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Team Creativity At Work I and II: Creative Problem Solving At Its Best
Edward Glassman : Creativity & Innovation Meetings – Creativity Techniques

Creativity & Innovation Meetings

Creativity Techniques

By Edward Glassman, PhD

I list here the steps and techniques of creative thinking described in my book in a sequence to achieve the highest quality solutions to the problem. Your creative thinking will soar as you use them on a regular basis. The following 8-step sequence creates focus and clarity:

STEP 1. Define Problems Creatively, the 1st Key Creative Step.

  • List dozens of "How to" Problem statements
  • Analogies And Metaphors
  • The Problem's Essence
  • Analogies And Metaphors Using The Problem's Essence
  • Like-Improve Analysis
  • Reversal-Dereversal
  • Reverse Assumptions
  • Guided Fresh Eye Approach
  • Word Substitution
  • Why, Who, What, Where, When, Why
  • Needs, Obstacles, And Constraints
  • Weaknesses Of Quick-Fix Solutions

STEP 2. Identify The Criteria To Select Your Problem Statement.

STEP 3. Choose The Final Problem Statement(s).

STEP 4. Generate Ideas Abundantly, the 2nd Key Creative Step.

  • Brainstorming
  • Non-Evaluative Listing
  • Buzz Group
  • Idea Gallery
  • Idea Card
  • Clustering
  • Brainwriting Circle
  • Forced Combinations and Trigger-Ideas
  • Analogies as trigger-ideas
  • Metaphors as trigger-ideas
  • Pictures as trigger-ideas
  • Random word as trigger-ideas
  • Quotations as trigger-ideas
  • Idea Grid
  • Improve Bizarre Trigger-Ideas Game
  • Weird To The Workable Idea
  • Free Word Association Imagery
  • Combining-Ideas Team
  • Future Fantasy
  • Future Pretend Year
  • Idea Improvement
  • Like-Improve
  • Improve Your Idea Creatively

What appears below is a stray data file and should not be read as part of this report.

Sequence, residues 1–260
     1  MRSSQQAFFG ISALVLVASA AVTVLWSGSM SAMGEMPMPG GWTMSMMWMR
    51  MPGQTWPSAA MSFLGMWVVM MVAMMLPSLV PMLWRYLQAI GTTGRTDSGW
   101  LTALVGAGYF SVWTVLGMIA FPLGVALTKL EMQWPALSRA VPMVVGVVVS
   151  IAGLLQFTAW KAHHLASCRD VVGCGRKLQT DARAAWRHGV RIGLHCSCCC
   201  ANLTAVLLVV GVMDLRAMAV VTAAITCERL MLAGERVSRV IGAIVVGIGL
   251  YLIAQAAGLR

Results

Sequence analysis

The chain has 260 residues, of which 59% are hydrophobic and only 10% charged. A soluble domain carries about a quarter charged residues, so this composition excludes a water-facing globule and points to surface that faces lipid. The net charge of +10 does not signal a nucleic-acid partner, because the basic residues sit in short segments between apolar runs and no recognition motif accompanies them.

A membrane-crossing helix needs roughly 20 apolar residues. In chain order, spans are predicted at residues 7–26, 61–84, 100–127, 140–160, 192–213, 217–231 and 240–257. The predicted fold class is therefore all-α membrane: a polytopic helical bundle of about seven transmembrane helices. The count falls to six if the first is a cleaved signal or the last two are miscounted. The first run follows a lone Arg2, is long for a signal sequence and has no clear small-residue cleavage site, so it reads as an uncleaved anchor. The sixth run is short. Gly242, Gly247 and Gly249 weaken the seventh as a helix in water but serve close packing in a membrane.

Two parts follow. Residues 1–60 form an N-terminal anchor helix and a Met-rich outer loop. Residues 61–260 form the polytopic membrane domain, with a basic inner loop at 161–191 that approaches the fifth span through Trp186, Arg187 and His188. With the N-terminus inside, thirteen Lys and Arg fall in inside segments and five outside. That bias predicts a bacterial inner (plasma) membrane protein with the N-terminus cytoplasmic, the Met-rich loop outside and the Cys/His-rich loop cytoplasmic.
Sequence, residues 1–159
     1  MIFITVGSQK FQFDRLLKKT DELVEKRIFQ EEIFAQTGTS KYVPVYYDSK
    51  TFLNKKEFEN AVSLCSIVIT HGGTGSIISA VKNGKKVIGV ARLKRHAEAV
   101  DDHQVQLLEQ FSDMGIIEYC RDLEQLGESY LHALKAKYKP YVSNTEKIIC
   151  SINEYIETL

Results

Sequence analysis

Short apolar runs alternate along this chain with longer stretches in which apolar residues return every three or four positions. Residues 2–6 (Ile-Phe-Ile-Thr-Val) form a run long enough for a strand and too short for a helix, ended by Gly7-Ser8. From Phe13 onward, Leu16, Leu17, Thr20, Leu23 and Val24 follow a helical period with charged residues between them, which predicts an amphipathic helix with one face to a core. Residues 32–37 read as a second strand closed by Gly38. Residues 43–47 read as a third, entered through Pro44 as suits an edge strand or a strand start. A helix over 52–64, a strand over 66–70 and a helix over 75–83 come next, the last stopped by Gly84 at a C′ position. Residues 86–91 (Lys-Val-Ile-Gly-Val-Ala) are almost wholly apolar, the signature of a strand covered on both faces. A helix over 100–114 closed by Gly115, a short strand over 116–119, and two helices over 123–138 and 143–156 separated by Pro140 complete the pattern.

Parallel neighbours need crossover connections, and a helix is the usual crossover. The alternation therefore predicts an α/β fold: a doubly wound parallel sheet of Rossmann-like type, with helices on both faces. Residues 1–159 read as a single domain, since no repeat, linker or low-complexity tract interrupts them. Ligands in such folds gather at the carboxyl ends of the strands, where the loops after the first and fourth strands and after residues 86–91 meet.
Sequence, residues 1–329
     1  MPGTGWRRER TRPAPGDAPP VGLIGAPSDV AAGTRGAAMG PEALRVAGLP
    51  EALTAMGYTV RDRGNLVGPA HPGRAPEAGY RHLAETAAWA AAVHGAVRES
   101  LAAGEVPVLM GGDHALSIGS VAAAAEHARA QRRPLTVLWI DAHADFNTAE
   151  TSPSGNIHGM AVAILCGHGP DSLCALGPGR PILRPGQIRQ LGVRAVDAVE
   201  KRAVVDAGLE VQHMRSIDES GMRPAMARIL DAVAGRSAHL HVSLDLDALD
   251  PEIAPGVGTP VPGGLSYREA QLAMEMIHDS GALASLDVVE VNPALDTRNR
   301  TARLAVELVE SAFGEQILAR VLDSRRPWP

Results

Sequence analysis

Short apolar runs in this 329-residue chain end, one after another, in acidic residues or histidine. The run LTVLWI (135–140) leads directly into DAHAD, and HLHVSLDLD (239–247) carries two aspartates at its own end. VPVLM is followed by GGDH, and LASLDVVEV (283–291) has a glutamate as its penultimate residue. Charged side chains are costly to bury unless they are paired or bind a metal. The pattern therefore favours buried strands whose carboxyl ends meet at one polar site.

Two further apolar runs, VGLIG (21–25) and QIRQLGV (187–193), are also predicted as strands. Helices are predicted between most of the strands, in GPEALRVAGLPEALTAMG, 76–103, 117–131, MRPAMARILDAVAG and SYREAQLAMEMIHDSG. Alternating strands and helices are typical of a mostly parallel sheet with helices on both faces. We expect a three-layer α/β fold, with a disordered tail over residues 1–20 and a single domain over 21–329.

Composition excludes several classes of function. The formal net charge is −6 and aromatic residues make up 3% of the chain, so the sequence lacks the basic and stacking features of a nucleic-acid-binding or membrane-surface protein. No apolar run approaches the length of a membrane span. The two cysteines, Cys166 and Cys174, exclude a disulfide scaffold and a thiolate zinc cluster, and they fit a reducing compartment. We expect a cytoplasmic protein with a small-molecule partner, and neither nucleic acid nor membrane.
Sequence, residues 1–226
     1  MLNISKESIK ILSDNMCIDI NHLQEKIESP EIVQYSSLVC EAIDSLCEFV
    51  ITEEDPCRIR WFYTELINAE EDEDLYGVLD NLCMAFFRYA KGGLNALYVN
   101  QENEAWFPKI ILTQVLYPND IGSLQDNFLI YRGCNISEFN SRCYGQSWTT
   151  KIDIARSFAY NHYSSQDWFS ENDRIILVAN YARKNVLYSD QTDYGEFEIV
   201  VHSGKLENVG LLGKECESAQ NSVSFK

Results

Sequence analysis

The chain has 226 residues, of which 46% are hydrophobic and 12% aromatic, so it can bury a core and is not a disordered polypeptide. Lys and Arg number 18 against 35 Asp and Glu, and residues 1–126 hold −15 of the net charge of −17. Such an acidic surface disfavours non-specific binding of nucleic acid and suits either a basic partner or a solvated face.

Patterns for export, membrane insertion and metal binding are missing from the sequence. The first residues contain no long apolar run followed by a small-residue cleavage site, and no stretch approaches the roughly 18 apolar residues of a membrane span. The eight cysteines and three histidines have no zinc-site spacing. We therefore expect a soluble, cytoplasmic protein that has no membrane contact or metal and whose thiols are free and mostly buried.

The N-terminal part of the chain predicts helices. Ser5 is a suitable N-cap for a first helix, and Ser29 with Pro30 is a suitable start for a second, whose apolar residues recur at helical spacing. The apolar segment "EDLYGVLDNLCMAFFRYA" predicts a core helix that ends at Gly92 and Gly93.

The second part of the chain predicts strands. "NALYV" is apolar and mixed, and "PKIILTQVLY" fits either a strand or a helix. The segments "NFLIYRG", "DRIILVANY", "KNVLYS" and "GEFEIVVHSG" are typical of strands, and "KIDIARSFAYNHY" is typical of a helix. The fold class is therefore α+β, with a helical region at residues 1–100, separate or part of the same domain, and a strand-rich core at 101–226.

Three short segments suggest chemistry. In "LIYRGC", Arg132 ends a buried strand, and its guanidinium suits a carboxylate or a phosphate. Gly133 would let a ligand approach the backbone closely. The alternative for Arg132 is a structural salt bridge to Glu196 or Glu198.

• Idea Improvement Checklist

STEP 5. Combine Ideas Into Trigger-Proposals Innovatively, the 3rd key creative step.

  • Forced Withdrawal
  • Trigger-Proposals

STEP 6. Identify The Criteria To Choose Ideas.

STEP 7. Develop Sensible Workable Solutions.

  • Return To Reality
  • Idea Board

STEP 8. Make Action Plans.

A SPECIAL SEQUENCE TO GENERATE IDEAS IN A CREATIVITY & INNOVATION MEETING (see Chapter 12 in my book)

One idea-generating sequence I like to use during a Creativity & Innovation Meeting consists of non-evaluative listing (brainstorming) => => improving bizarre trigger-ideas game => => from the weird to the workable idea => => idea gallery => => idea card.

This sequence starts with the walls covered with flip chart paper on which we have non-evaluatively listed over 150 "How-to" problem statements using techniques described in Chapter 11 in my book.

I ask the people in the meeting to walk around the room and check five to ten problem statements which they deem important.

I then ask each team to choose the three problem statements that they want to solve. Note, we do not kill any problem statements, we merely leave them behind.

• Non-Evaluative Listing.
I start with non-evaluative listing (brainstorming) because it allows people to record their pet ideas. Also, it flushes out obvious ideas, so the more advanced techniques work even better. Still, it only provides a nice warm-up procedure, at best.

I ask each team to choose a recorder and non-evaluatively list (brainstorm) ideas on flip chart paper to solve one of the how-to problem statements. I occasionally ask for bizarre ideas.

• Improve Bizarre Trigger-Ideas Game.
I now suggest that they do not understand what I mean by a bizarre idea, and ask them to play the improve bizarre trigger-ideas game.

I want to get each person to stretch their imagination and express bizarre ideas beyond previous levels. In addition, it shows the team how to develop an idea no matter how bizarre, and strengthen it so it becomes useful. Paradigms shift constantly.

The game has simple rules. Each creative thinking team has four minutes to generate the most bizarre idea to solve the problem. They pass the idea to another team.